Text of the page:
To return to this piece of the legislation, which opens the door for the privatization of police services, I had a look at what other jurisdictions have done. There was a research study out of the United States called Walking the Line on Police Privatization: Efficiency, Accountability and Court Decisions. The research reviewed local police services by discussing economic and political pressures for police privatization and the concerns regarding the quality and the accountability of privatized police. It did a cost-efficiency analysis—“sought from police privatization outweighs a critical side effect of a growing confusion regarding police oversight and significant uncertainties in accountability.”

This is exactly what I’ve just referenced in these few examples. Who are these contracted-out security people actually working for? Are they working for the company that is paying them, which, obviously, indirectly will be through the government? There’s a definite lack of accountability there. Who are they ultimately responsible to?

They went further in this research. They analyzed the court decisions in the US dealing with the question of whether constitutional protections extend to private police conduct: “Relevant court decisions suggest that the confusion may grow even worse and local policy-makers may need to pay more attention if they decide to privatize police services.”

So you have a lack of accountability and you have the potential violation of human rights and charter rights throughout this process.

While police privatization occurs in some jurisdictions in the States at all levels, this study first clarified the motives behind police privatization and then brought to light the side effects that may occur, especially around accountability. This should act as a guide for local policy-makers, because accountability and cost-efficiency are major concerns when considering police privatization. To add insult to injury and to weaken the whole oversight perspective, people get very poor value for the money that is invested.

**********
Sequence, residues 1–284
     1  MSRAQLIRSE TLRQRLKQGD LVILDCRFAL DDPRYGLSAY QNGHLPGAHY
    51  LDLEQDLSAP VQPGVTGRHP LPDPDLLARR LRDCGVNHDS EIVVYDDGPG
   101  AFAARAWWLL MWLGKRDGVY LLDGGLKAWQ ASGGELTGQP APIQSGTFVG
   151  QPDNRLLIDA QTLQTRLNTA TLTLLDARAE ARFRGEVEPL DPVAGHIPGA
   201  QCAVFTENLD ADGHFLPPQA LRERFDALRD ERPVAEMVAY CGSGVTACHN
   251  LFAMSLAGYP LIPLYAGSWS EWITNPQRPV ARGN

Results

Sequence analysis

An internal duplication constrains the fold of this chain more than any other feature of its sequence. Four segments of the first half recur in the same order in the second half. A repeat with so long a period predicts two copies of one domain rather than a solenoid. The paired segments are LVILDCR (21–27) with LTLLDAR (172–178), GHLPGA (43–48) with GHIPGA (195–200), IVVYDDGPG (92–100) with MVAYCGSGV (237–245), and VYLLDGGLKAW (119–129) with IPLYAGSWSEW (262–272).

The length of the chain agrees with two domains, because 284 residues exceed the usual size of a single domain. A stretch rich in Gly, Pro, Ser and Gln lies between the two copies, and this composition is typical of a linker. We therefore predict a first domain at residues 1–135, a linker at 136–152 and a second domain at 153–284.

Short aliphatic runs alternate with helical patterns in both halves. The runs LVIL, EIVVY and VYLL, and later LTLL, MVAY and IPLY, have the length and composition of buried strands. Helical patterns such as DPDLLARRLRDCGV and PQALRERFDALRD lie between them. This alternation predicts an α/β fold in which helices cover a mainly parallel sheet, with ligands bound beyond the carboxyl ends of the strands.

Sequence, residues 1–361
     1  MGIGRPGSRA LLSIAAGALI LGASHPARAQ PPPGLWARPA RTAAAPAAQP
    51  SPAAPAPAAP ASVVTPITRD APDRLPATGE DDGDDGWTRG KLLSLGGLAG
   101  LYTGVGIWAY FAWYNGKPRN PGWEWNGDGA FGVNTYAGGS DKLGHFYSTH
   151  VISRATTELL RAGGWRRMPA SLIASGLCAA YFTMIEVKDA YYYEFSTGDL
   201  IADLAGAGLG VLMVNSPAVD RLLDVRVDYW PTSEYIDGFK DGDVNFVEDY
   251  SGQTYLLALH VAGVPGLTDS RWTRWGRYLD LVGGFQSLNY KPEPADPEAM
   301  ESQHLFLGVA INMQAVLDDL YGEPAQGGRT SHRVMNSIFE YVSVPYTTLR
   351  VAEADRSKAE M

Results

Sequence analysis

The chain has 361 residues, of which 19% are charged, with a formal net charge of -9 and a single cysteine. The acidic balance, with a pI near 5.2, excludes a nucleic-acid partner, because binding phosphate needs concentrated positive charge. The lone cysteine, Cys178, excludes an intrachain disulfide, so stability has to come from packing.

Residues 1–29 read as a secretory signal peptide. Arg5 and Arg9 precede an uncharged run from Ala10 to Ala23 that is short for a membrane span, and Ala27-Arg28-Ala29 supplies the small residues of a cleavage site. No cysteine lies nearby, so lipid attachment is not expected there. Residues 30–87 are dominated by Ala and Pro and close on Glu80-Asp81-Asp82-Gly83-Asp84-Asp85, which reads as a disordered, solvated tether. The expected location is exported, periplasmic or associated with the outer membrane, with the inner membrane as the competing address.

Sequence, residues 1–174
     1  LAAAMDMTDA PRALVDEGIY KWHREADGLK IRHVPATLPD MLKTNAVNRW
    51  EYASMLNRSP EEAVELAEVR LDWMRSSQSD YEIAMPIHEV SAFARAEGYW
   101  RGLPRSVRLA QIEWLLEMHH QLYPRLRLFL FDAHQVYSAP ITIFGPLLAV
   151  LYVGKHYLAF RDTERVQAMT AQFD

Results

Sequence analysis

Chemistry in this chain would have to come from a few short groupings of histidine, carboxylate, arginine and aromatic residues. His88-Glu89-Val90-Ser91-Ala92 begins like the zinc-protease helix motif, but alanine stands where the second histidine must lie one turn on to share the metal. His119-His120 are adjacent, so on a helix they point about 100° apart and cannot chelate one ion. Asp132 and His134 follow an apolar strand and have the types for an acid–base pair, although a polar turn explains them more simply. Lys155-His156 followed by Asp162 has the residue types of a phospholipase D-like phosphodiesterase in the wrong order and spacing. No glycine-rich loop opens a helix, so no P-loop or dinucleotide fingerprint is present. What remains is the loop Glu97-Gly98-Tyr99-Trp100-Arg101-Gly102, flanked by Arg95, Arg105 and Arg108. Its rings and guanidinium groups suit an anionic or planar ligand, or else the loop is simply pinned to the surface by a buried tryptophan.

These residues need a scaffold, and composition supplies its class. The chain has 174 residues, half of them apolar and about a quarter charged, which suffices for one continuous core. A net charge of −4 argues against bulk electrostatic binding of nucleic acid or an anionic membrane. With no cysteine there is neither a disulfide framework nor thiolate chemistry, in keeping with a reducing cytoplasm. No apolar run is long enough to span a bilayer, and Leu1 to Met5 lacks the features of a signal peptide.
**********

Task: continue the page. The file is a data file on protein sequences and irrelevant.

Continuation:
The other section that I care deeply about in Bill 175 and which I brought to the Legislature floor is the missing persons legislation, primarily because an amazing woman, an amazing mother, Maureen Trask, came into my office four years ago. Her son Daniel Trask went missing in Temagami almost six years ago. As a mother who was grieving through the process, she realized that her ability and the police’s ability to track down Daniel’s last moves, his last placements, his last account, his last emails were very limited because there was no criminal activity suggested, Mr. Speaker. Not only was she frustrated about the fact that her son had gone missing and that she was in this constant state of limbo around grieving for him, but the police—their hands were tied, if you will, on this, in that because no criminal activity was suggested, they could not do a thorough investigation. In fact, they could not even determine if a criminal activity had occurred. For this mother, her grief became advocacy, and so her grief became my advocacy, as well.

In 2015, I brought a motion to the floor of this Legislature which was supported by all parties: “We ask that the Attorney General’s office work with the office of the privacy commissioner to implement missing persons legislation that grants investigators the opportunity to apply for permissions to access information that will assist in determining the safety or whereabouts of missing persons for whom criminal activity is not considered the cause.”

Essentially, this motion—and I need to be very clear: Almost every province in Canada has missing persons legislation. It has a profound effect for those people who suffer from dementia and who wander off and go missing. It has a profound effect for those people in the indigenous community who have seen thousands, hundreds of people disappear. And it gives these improved skills and tools to police officers to pursue missing persons.


Bill 175 ironically pairs this untenable situation for us, which is the privatization of police services and the outsourcing of police services in a very unaccountable, irresponsible, inefficient and fiscally irresponsible manner, with a piece of legislation that I care deeply about. You can imagine the dilemma that I am faced with as someone who has been fighting for four years to see a piece of legislation come into force. I already looked into the possibility of pulling this out because I strongly believe that it should be a standalone piece of legislation which we can monitor, which we can have some accountability with, which we can bring voices in as delegations to depute, to share their personal stories so we actually understand how important it is to have an effective piece of legislation to address missing persons.

It is important. This affects everyone in this room, Mr. Speaker. There are 330 ongoing missing person cases right now in the province of Ontario. About a dozen of those come from Waterloo region, but last year over 6,700 people—6,700—were reported missing in the province. The legislation will hopefully bring needed clarity for police around what measures they can take to find these people. This legislation will, of course, issue warrants allowing police to track phone, banking and travel records of missing people.